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The Ultimate Option (standard:other, 1307 words)
Author: Nadeem AkhtarAdded: Sep 18 2001Views/Reads: 1944/1107Story vote: 0.00 (0 votes)
When life and death were separated only by a door.
 



'Suicide is not difficult, or at least not as difficult as they say.'
The thought sprang to his mind while standing almost a hundred feet 
above the ground, on the roof of the tallest building in the city. He 
was looking down at the people in the street, busy in their daily 
grind, with their thoughtfully drooping heads and bowed shoulders. He 
had been thinking long about committing suicide, but, until now, had 
not felt compelled enough for the idea to materialize into action. 
Today, finally, he had made up his mind, come out of his home, and 
climbed the stairs of this high building. He knew its height was 
sufficient enough, not to allow any possibility of failure in his plan. 
His firm steps and confident posture revealed his solid determination. 

He threw a final glance at the city, stretching beneath, and all around
him. It was the same city where he was born, thirty years ago. The same 
heartless and cruel city responsible for all his sufferings, which, at 
last, had culminated to the point of no return: where he had to avail 
himself of the final option, the ultimate option of ending one's own 
life, the real remedy to all suffering and misery. 

"I was not asked, at all, while being sent to this lifeless life and now
I'll not ask anyone while ending it." He thought. "Life is not worth 
living at any cost. It has not given me anything at all, these years. I 
only felt compelled to be more cruel and inhuman. I was taught how to 
keep my tears inside, even at the most moving and piteous sights of 
human suffering. My individual desires have been ruthlessly crushed and 
my hopes, permanently shattered. I feel as if I have spent years in a 
state of continuous flux, as if I am walking on a tightly-stretched 
rope, above a deep, dark void."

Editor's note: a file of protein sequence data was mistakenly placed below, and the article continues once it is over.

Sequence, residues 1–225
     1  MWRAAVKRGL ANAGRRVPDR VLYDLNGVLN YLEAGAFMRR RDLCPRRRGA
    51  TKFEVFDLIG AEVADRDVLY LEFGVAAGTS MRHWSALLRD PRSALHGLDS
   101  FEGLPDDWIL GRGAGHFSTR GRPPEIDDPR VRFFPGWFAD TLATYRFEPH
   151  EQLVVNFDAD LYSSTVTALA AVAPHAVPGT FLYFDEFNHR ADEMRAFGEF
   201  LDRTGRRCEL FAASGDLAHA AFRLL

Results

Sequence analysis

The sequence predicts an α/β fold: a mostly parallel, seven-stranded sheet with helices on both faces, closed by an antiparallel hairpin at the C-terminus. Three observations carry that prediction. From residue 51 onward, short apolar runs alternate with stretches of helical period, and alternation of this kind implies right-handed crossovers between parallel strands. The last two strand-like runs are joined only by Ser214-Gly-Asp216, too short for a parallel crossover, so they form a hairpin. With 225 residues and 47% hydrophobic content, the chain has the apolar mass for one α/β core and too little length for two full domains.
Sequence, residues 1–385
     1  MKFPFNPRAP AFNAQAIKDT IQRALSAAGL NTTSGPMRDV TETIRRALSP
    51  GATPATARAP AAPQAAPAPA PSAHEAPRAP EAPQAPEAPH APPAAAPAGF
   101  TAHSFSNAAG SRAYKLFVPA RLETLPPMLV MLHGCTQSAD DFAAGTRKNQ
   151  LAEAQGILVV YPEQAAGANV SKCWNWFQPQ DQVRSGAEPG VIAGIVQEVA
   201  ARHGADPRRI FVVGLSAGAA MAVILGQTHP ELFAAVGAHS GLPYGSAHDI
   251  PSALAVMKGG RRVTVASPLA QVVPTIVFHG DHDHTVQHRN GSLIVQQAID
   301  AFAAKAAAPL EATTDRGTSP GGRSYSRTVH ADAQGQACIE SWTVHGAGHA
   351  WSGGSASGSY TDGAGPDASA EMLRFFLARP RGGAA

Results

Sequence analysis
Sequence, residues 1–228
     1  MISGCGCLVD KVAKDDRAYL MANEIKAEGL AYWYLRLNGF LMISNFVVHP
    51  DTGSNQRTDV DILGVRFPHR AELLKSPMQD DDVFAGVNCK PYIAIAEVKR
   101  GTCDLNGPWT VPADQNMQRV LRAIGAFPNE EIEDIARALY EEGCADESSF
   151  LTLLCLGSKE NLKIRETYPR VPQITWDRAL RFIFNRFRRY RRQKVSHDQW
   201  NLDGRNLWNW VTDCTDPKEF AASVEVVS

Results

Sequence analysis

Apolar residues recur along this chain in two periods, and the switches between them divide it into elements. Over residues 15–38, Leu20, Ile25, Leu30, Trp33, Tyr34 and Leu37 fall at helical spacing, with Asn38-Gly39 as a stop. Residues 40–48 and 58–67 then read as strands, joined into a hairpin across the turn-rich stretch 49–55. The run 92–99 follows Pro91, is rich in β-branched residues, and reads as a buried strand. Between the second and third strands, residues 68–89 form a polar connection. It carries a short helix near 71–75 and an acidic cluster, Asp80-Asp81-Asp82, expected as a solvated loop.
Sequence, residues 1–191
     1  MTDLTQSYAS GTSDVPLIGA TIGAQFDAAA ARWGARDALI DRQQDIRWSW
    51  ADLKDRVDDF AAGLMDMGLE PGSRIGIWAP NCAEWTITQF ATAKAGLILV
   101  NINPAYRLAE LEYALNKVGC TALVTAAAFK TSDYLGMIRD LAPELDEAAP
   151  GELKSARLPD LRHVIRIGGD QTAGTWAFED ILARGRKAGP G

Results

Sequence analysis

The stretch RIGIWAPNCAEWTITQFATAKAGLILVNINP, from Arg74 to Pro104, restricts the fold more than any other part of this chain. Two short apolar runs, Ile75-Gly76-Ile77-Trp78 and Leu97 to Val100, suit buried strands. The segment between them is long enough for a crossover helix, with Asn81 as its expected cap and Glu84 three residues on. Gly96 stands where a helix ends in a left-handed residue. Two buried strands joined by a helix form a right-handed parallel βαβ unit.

The muscles of his face stiffened at the stream of hateful and
disgusting memories. A sad note of utter despair came over him. Since 
boyhood, he had realized that he was somewhat different from the 
others. The usual impulses, of other boys of his age, were almost 
completely absent in him. He was over-sensitive to the point of being 
self-destructive. He had been repeatedly sensitized by those who 
dwelled around him, as they frequently stirred up his emotions with 
their cruel and inhuman attitudes. He had to fight for all his petty 
rights, yet he could never fully obtain them. Disappointment, of the 
world around him, turned his attention to the world within. His 
youthful energy was spent on developing his inner self and on absorbing 
the basic knowledge contained in books. Books, no doubt, impart wisdom, 
but a wisdom of their own kind, which makes a man more imaginative, 
introverted and hesitant. He, too, was not able to escape the obvious 
effects of books and so grew up to become a man alive in only his 
dreams, and imagination. When he completed his education, he had a zest 
for life. The world was too small for him and he resolved that, sooner 
or later, he would conquer it, or at least get his share of it. 

Elders used to tell him that time is the greatest teacher and what it
teaches can not otherwise be learned. So it was, that time demonstrated 
to him how different reality was from his vision of life. Almost 
continuous unemployment, along with a deep-rooted sense of deprivation, 
made him realize the importance of money. This realization shattered 
his confidence, which was based entirely on his own abilities. When, 
finally, he succeeded in getting a job, he soon came to understand that 
it was like sitting beneath a glacier, trying to quench one's thirst 
with slowly oozing drops of water. He conceived that nothing is more 
damaging to a man than poverty. All attempts to rid himself of this 
menace were doomed to failure, and many of the other aspects of his 
life were marred by it, as well. He was passionately in love with 
someone, but his economic condition was a major hurdle in obtaining 
her. It is economic independence that ensures all other kinds of 
freedom, but it also becomes the worst kind of predicament if such 
mundane economic difficulties are supplemented with emotional 
turbulence. 

So now, here he was, on the roof of the highest building in the city and
stepping towards the edge. He stopped for a while on the brink of the 
roof and looked down. A number of eyes raised toward him, as if some of 
the people below had suddenly sensed his intention. He stared back at 
them, with eyes full of hatred and contempt. He stretched his arms, 
like a big bird, and moved forward. It seemed as though he was here 
just to fly into the air, instead of falling down to earth. His raised 
hands and uplifted face, for a moment, reminded some in the crowd of a 
great orator who, while addressing the public, had reached some highly 


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